Arguably the vote requires some effort and motivation in order to convince those who are politically unaware or do not care about politics. But this argument applies only to a part of those who do not vote. Several other people, including executives and educated elites, follow the news and are interested in national and international politics, but stay home on Election day, believing that their voices do not count. But the truth is that their votes determine the outcome of elections.
It is the duty of political parties, associations and intellectuals to make double efforts to raise awareness among people, to exercise their fundamental political rights, and broaden the public debate in the country as part of the organization of the legislative elections.
To renew the elites and modernize state institutions and political life, mass participation in elections is a citizen’s duty.
Talking about current parliamentary elections in Morocco, it is the duty of everyone to confront the emotional speeches of populist candidates, where they corrode populist slogans and sentimental phrases, just to attract the masses and win their votes. But they do not really provide working programs or realistic plans to improve people’s lives and build a better future.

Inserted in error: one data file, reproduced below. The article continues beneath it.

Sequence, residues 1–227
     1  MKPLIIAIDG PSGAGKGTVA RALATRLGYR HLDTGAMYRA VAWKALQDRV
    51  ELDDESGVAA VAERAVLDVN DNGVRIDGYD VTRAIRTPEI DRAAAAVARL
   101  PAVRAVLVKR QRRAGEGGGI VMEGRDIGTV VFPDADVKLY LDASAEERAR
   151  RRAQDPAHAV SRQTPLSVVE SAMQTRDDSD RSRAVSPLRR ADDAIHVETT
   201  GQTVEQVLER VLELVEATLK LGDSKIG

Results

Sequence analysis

We know that authoritarian Arab regimes have made their alleged heroism by manipulating the feelings and emotions of the masses and by using fear to reach out to people and win their support. But history has shown that in fact they exploited the ideals of the people to the lure of economic and political gain.
In addition, current populists give simplistic answers without reasonable arguments or evidence. They blame the “other” for their political and economic setbacks and failures.
Through threats, intimidation and demagogy, populist politicians think backward, as if superstition and obscurantism were a better solution for everyone.
By critically, citizens must face the populists, by going to the polls to stand in their way and prevent them from accessing positions of responsibility and decision making.